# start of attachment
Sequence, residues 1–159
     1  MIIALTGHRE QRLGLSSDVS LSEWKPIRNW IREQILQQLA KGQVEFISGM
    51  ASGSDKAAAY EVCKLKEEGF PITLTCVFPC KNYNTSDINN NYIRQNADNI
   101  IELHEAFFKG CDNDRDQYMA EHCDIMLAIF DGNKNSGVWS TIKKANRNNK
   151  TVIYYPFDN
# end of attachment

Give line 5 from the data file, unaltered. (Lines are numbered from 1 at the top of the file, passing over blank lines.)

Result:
   151  TVIYYPFDN